Coloring Agents Examples


Colors play an influential role in the human’s perception of things present around them. For instance, a red sky during dawn and dusk looks much more appealing than the otherwise clear sky during the day. Several studies show that colors can influence our emotions and decision-making capacity to a great extent. In fact, several enterprises incorporate this power in their marketing strategies and even personify their brand names by using colors. Colorants or coloring agents are the dyes, pigments, or substance that imparts color used by cosmetics, pharmaceutical, and food industries to achieve the desired quality of their final products. They come in the form of powder, paste, and gel, and can either be produced synthetically or naturally. In the food industry, coloring agents impart color to the food and make it more appealing and palatable, and they are also used to prevent the offset of natural color over the prolonged shelf life of food products. In the cosmetic industry, coloring agents are employed to create a visual impression as well as to impart color to the skin when the cosmetic is applied. The pharmaceutical sector primarily uses coloring agents to brand products for simple identification and impact consumer perceptions of quality and flavor. The coloring agents are commonly identified by E numbers ranging from E100 to E199, and their use in products is regulated by the relevant government associations. Let’s take a look at a few examples of commonly used coloring agents.



the turmeric powder

Curcumin is a fluorescent bright yellow coloring agent with E number E-100. Most of us are familiar with the yellow color of Indian curries that is essentially produced by this coloring agent. It is naturally produced by the turmeric plant (Curcuma longa) belonging to the ginger family. Chemically, curcumin is a naturally occurring phenol with the chemical formula {C}_{18}{H}_{11}{NO}_{2}  responsible for the yellow color of turmeric. It is commonly used as a coloring agent in both the food and cosmetic industries. Although curcumin is hydrophobic in nature, it can easily dissolve in organic solvents and oils. Moreover, curcumin is also used as a flavoring agent and dietary supplement in several Asian countries. It is believed to have anti-inflammatory and anti-cancerous effects; however, there is not enough concrete evidence to support these arguments.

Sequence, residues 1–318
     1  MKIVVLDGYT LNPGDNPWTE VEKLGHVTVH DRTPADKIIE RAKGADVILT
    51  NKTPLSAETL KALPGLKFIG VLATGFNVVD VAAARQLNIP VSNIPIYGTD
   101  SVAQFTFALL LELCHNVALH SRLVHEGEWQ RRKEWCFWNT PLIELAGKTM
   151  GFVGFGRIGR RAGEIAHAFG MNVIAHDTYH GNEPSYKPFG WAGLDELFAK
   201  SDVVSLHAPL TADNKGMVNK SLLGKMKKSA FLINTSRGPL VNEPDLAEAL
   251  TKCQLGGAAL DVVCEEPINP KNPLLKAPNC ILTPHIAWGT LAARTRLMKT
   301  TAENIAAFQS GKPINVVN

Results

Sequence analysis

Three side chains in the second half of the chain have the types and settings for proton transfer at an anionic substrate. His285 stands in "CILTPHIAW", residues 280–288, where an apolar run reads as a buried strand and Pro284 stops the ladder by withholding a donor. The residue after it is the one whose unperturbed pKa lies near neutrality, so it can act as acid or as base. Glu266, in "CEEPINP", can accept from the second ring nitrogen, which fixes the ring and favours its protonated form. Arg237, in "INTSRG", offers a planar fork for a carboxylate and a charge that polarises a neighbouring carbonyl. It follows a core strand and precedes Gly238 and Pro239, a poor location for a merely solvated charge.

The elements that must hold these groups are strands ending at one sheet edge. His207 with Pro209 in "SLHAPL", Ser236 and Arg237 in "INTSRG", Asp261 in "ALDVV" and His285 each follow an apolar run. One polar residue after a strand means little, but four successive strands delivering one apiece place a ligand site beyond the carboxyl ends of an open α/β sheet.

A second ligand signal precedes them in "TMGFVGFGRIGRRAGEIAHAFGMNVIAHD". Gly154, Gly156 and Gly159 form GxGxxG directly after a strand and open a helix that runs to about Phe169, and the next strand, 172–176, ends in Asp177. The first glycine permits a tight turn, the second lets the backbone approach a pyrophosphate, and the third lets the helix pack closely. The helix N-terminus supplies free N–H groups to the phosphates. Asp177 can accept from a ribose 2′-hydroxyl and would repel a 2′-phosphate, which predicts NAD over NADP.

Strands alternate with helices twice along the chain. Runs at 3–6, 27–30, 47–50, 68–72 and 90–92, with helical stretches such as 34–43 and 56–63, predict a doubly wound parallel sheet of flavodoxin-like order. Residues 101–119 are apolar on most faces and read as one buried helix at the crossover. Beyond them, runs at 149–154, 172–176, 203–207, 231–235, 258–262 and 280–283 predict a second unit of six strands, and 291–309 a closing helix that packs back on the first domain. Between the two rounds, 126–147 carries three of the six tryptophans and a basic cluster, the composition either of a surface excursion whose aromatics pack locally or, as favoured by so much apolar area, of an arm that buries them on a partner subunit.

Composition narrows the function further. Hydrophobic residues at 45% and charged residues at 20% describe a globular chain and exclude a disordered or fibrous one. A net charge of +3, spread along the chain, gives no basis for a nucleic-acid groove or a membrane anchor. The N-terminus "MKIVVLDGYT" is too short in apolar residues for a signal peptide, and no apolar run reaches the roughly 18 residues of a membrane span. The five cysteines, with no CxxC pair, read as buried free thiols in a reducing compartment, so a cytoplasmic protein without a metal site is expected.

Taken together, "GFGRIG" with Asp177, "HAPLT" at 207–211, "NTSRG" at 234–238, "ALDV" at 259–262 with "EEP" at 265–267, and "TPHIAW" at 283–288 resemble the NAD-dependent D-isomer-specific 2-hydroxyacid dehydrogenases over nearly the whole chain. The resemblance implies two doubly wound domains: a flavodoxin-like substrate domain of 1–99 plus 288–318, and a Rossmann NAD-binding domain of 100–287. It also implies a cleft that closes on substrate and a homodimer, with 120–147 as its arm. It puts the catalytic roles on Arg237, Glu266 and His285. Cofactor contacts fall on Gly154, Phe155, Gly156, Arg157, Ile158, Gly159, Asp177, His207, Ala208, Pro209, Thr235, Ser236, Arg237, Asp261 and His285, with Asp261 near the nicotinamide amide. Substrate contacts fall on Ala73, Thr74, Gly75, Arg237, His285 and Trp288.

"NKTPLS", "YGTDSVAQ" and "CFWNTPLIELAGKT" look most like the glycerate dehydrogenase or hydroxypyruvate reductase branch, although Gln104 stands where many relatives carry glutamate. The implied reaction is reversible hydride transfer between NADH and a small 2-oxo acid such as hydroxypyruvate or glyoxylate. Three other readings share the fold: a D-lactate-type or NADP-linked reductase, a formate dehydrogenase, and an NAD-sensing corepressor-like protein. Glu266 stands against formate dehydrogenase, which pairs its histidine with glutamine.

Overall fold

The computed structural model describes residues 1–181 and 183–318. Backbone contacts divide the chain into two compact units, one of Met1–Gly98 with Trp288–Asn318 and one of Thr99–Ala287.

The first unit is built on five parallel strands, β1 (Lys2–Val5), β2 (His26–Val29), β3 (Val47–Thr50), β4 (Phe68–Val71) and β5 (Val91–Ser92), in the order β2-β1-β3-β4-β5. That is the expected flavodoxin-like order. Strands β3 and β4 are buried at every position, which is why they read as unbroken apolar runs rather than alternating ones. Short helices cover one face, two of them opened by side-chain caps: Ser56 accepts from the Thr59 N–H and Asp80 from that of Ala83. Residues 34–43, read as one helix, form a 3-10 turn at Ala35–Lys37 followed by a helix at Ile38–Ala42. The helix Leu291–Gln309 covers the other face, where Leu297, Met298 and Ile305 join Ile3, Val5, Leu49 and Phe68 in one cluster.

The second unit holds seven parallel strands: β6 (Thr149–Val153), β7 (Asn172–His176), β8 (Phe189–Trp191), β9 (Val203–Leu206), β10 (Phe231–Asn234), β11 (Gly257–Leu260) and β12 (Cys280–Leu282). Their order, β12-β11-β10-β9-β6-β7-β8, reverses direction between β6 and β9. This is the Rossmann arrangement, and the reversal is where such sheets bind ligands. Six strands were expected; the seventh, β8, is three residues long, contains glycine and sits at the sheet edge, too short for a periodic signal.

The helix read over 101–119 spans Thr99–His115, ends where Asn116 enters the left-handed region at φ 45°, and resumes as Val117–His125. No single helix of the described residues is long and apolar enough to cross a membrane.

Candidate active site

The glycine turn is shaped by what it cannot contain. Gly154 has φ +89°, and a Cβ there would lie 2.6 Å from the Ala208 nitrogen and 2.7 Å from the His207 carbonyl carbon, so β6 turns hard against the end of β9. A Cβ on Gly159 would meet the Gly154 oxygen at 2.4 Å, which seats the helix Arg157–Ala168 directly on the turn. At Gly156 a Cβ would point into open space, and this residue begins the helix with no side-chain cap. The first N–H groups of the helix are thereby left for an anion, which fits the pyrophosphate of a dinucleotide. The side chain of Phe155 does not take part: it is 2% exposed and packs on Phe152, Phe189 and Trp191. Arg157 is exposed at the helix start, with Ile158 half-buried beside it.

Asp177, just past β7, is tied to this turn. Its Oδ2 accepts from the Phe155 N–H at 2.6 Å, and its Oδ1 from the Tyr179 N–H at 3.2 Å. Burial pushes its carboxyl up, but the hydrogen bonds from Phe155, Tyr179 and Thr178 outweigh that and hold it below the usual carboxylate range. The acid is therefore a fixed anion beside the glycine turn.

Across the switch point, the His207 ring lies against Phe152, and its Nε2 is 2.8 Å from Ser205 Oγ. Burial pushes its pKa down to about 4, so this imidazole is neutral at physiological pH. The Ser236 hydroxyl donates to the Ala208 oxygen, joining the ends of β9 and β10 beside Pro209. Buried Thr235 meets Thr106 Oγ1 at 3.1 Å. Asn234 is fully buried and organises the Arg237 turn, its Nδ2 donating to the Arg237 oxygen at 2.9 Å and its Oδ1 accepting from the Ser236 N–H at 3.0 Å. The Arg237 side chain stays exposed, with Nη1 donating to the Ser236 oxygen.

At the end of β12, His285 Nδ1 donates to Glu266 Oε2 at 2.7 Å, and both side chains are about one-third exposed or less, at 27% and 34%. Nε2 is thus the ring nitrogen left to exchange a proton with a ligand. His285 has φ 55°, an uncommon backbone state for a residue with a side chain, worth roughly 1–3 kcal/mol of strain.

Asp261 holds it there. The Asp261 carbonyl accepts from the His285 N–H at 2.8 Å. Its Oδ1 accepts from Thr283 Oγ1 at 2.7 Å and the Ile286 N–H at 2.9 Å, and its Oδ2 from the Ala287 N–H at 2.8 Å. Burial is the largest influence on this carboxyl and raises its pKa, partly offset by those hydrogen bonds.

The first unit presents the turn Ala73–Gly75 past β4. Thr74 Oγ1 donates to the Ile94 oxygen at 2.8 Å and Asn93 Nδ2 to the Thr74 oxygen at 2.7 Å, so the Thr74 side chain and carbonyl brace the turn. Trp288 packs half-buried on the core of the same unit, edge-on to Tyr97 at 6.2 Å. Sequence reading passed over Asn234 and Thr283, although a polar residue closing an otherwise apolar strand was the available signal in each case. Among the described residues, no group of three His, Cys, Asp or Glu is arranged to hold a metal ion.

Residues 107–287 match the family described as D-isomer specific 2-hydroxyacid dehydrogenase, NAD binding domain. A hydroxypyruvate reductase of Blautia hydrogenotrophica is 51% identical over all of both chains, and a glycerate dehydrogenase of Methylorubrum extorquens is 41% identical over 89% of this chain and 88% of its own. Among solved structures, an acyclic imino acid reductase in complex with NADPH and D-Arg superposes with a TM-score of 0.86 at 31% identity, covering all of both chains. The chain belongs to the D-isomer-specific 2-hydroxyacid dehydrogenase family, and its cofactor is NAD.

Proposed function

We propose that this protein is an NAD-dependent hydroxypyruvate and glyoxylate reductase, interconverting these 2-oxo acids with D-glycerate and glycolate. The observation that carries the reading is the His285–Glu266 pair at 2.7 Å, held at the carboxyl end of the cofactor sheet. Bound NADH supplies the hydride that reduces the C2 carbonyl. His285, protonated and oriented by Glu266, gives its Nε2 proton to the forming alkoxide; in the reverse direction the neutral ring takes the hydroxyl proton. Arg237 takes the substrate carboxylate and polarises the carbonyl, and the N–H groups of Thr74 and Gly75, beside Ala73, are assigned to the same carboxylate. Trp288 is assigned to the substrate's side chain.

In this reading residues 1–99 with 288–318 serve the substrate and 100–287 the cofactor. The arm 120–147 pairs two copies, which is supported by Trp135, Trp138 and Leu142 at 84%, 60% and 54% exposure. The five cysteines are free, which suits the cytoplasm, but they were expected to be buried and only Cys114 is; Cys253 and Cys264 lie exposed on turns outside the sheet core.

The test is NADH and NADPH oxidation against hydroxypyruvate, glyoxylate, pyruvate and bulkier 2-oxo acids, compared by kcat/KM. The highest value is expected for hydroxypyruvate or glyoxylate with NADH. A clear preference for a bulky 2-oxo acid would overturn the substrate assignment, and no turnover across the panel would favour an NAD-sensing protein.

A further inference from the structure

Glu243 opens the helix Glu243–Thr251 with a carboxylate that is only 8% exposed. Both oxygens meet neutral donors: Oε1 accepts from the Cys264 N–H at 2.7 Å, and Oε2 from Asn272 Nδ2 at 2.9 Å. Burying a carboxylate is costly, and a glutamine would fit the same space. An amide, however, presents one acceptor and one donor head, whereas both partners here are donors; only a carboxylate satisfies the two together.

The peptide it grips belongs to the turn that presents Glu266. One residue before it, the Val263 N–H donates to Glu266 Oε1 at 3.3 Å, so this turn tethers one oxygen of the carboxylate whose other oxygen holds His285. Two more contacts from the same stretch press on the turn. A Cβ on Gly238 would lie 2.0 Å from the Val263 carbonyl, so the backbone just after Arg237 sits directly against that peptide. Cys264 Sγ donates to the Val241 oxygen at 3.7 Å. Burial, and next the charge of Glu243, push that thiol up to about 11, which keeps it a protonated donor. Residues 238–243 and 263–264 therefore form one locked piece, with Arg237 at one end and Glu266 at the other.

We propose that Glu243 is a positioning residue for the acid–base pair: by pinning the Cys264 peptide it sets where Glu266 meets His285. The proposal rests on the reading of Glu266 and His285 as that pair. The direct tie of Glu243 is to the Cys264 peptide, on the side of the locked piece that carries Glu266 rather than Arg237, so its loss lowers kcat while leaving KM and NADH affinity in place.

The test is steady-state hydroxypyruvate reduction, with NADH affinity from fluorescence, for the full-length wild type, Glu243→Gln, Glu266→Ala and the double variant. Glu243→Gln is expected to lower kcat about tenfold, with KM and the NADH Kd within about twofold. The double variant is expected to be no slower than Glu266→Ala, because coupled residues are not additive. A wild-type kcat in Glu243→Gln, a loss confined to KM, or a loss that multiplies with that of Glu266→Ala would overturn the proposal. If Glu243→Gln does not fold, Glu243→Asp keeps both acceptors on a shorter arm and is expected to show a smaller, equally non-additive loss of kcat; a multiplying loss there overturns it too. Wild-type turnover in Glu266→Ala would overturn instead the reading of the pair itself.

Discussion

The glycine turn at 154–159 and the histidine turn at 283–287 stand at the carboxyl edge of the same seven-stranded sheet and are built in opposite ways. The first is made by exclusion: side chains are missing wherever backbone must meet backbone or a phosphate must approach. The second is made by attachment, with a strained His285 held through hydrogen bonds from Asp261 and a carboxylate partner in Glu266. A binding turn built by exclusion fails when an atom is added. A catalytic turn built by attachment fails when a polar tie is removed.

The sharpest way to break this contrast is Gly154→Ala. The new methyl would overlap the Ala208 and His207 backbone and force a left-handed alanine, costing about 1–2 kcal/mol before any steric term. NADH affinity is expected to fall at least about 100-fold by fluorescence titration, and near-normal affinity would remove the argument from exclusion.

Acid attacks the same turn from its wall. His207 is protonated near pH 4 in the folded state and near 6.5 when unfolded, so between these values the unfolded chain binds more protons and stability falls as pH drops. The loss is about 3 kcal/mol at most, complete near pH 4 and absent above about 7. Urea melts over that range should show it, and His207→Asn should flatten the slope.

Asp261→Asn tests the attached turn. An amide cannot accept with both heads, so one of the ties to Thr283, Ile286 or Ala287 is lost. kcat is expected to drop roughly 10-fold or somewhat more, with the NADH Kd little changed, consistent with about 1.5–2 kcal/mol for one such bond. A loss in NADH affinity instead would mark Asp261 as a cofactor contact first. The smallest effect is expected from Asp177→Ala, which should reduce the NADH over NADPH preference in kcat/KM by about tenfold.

Quinoline Yellow WS

Quinoline yellow WS is a water-soluble greenish-yellow coloring agent with E number E-104 and molecular formula {C}_{21}{H}_{20}{O}_{6}. Commercially, quinoline yellow is sold by several other names including food yellow, acid yellow, etc. In chemical terms, quinoline yellow is a disodium salt of disulphonates of 2-(2-quinolyl)indan-1,3-dione. An aqueous solution of quinoline yellow shows a maximum wavelength of 416nm on the UV-visible absorption spectrum. It is mostly used in the manufacturing of foods like sauces, beverages, and decorative food materials. Although the use of quinoline yellow for food products is not permitted in Canada and the USA, these countries permit the use of this coloring agent in drugs and cosmetic manufacturing. To date, there has not been any long-term toxicity or carcinogenicity associated with the use of quinoline yellow.



Carmoisine, also known as Azorubine, is a red color azo dye denoted by the E number E-122. Chemically, carmoisine is a disodium salt of 2-(4 sulpho -1-naphthyl azo)-1-naphthol-4-sulphonic acid consisting of two naphthalene subunits. Like many other azo dyes, carmoisine is also derived synthetically from coal tar. It is generally used in the manufacturing of cosmetics, drugs, and certain food items including alcoholic beverages. Although the health effects of consuming carmoisine have not shown any mutagenic or carcinogenic properties, it is generally advised to limit the daily intake to 4mg/kg.

Ponceau 4R